May 17, 2020

Obama plans drive to halt outsourcing

Supply Chain Digital
Outsourcing
Insourcing
2012 Presiden
Freddie Pierce
2 min
Adding fuel to the outsourcing fire, Obama unveils strategy to offer U.S. corporations tax breaks for insourcing jobs, while cutting tax breaks to companies who continue to outsource
Outsourcing is shaping up to be a hot topic in the 2012 United States presidential race, with incumbent Barack Obama making moves to slight his Republi...

Outsourcing is shaping up to be a hot topic in the 2012 United States presidential race, with incumbent Barack Obama making moves to slight his Republican counterpart (whoever he/she may be).

Obama pledged Saturday to make the federal government more domestic business friendly, promising to soon release a new tax code that would provide incentives for companies to bring jobs back into the U.S.

Obama also said that tax breaks will be eliminated for companies that do not follow his plan on ‘insourcing.’

The president displayed a handful of common consumer goods at his weekly address, including a pair of boots, socks and a candle – all manufactured in the United States – to drive his point across.

“I’ll make sure you’ve got a government that does everything in its power to help you succeed,” Obama said.

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Details were vague in Obama’s outsourcing announcement, but the move appears to be a swipe at corporate America and possible 2012 opponent Mitt Romney, the governor of Massachusetts who oversaw the outsourcing of thousands of jobs in his work with the private sector.

While the move is undoubtedly a good sign for U.S. business, the supply chain implications of such a move would be vast. For starters, insourcing jobs from foreign countries would require corporations to pay significantly higher wages to workers, wages that companies are certainly going to balk at initially.

It’s likely the GOP will point out these flaws in Obama’s plan in the coming days. But one thing is clear: outsourcing is going to be a point of major discussion in the 2012 U.S. presidential election.

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Jun 21, 2021

Pandora and IBM digitise jewellery supply chain

supplychain
IBM
Pandora
omnichannel
2 min
Jewellery retailer Pandora teamed with IBM to streamline supply chains as sales of hand-finished jewellery doubled across ecommerce platforms

Pandora has overhauled its global supply chain in partnership with IBM amid an ecommerce sales boom for its hand-finished jewellery.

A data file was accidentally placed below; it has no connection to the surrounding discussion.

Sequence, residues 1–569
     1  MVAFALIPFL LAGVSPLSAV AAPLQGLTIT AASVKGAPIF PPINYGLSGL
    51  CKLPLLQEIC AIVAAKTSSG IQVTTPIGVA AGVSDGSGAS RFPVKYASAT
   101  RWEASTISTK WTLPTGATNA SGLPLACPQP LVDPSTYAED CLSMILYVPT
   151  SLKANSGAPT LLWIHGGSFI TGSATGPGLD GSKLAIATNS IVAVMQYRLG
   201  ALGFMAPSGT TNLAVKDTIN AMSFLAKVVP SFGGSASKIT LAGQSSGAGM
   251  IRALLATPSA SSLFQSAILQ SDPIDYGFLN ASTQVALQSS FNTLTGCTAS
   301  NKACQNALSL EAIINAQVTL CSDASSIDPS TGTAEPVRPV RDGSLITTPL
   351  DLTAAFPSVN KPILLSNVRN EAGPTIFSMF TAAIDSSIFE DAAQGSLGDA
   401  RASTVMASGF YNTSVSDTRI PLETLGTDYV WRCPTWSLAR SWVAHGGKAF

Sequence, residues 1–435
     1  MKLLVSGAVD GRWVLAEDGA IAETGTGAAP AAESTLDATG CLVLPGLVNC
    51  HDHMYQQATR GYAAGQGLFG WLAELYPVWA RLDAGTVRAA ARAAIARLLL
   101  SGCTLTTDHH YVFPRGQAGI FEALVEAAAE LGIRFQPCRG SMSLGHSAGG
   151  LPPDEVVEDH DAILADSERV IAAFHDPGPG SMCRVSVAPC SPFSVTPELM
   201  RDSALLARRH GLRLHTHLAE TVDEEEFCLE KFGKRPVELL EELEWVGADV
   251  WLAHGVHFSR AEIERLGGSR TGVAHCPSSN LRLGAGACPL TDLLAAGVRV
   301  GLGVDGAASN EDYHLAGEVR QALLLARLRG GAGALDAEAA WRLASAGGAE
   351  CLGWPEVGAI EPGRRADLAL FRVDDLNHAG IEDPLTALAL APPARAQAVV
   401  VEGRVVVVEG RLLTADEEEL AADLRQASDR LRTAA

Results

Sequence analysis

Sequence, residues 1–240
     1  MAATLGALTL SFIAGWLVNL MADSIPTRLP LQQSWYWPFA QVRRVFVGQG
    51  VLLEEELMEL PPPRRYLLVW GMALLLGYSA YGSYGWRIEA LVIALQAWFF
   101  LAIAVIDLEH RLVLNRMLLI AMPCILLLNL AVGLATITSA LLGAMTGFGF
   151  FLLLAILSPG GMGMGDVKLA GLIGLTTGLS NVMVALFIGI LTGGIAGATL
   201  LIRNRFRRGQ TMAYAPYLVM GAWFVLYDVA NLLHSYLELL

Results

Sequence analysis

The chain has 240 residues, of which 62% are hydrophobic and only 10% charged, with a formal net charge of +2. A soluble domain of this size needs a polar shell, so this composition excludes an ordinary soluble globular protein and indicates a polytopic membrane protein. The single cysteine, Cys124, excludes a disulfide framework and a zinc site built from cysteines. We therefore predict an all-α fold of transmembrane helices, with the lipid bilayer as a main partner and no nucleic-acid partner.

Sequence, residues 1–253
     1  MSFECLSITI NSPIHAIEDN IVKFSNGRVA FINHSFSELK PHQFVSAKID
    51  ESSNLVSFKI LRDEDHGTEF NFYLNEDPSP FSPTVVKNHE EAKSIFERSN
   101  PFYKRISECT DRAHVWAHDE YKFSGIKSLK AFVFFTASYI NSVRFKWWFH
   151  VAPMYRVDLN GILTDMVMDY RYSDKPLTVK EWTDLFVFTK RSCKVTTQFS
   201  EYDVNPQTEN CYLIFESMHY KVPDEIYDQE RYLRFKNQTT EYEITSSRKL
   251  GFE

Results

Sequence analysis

The company found international success offering customisable charm bracelets and other personalised jewellery though its chain of bricks and mortar retail destinations. But in 2020, as the COVID-19 outbreak forced physical stores to close, Pandora strengthened its omnichannel operations and doubled online sales. 

A focus on customer experience included deploying IBM’s Sterling Order Management, increasing supply chain resiliency and safeguarding against disruption across the global value chain.

Pandora leverages IBM Sterling Order Management as the backbone it its omnichannel fulfilment, with Salesforce Commerce Cloud powering its ecommerce. Greater automation across its channels has boosted the jeweller’s sustainability credentials, IBM said, streamlining processes for more efficient delivery. It has also given in-store staff and virtual customer service representatives superior end-to-end visibility to better meet consumer needs. 

Jim Cruickshank, VP of Digital Development & Retail Technology, Pandora, said the digital transformation journey has brought “digital and store technology closer together and closer to the customer”, highlighting how important the customer journey remains, even during unprecedented disruption. 

"Our mission is about creating a personal experience and we've instituted massive platform changes with IBM Sterling and Salesforce to enable new digital-first capabilities that are much more individualised, localised and connected across channels and markets,” he added. 

 

Pandora’s pivot to digital 

The pandemic forced the doors closed at most of Pandora’s 2,700 retail locations. To remain competitive, it pivoted to online retail. Virtual queuing for stores and virtual product trials via augmented reality (AR) technology went someway to emulating the in-store experience and retail theatre that is the brand’s hallmark. Meanwhile digital investments in supply chain efficiency was central to delivering on consumer demand. 

“Consumer behaviour has significantly shifted and will continue to evolve with businesses needing to quickly adapt to new preferences and needs,” said Kareem Yusuf, General Manager, AI Applications and Blockchain, IBM. “To address this shift, leading retailers like Pandora rely on innovation to increase their business agility by enabling and scaling sustainable supply chain operations using AI and cloud.”

Yusuf said Pandora’s success was indicative of how to remain competitive by “finding new ways to create differentiated customer experiences that protect their enterprises from disruptions to help mitigate risk and accelerate growth”. 
 

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